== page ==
I was admitted to the hospital immediately after chemo.  I insisted to the hospital staff that I had a plane to catch the following morning so they needed to get me outta there.  I laid there in my bed for about 8 hours, tethered to an IV while waiting for two units of blood to drain into me.  The upside was that I got to order whatever I wanted for dinner.  I had trouble deciding on chocolate pudding or strawberry shortcake for dessert, so I didn't get either.  I don't remember what I ate for the main course. Too bad, because it was the highlight of my day.

They finally let me go at midnight.  I went home and slept for a couple of hours, got up at 4am and arrived at the airport around 7am.  Thereafter, we spent a grueling12 hours in the air.  There was also a 6 hour time difference, so by 8pm Hawaii time, it felt like 2am hit-by-a-truck body time.  I was exhausted and didn't care if I was in paradise.  I rationalized that with an emergency trip to the hospital less than 24 hours prior and barely any sleep since then, I had a valid excuse for my lacklustre enthusiasm.  I went to bed sensing that that was NOT how normal people start their vacations.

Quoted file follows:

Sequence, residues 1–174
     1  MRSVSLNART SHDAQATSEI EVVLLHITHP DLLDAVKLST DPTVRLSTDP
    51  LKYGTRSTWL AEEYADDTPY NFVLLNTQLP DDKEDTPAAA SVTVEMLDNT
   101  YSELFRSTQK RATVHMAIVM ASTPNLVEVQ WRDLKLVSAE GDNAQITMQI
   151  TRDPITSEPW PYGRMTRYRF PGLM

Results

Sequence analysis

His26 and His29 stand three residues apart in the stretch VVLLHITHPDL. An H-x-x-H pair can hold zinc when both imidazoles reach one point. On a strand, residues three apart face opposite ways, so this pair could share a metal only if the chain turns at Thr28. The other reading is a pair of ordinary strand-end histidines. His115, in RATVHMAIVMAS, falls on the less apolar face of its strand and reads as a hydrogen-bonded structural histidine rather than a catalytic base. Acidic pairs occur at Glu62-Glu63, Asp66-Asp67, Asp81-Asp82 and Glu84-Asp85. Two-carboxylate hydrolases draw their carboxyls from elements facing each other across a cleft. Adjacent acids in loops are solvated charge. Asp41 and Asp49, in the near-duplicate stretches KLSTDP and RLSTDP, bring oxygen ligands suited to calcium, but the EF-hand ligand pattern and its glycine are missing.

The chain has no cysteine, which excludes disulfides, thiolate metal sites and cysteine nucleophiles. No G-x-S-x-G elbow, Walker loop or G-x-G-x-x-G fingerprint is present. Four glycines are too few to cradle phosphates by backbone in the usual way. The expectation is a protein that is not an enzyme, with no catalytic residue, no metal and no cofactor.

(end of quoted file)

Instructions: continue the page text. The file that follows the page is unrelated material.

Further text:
Wednesday, August 24, 2011

Black Tie Breast Optional Party

I've had a couple of people ask me for clarification about the upcoming BTBO party on 9.10.11, so I thought it was worth mentioning a few things here. Besides raising money for the Life with Cancer Family Center, the party is also an excuse to dress-up, drink martinis and play like we're grown ups.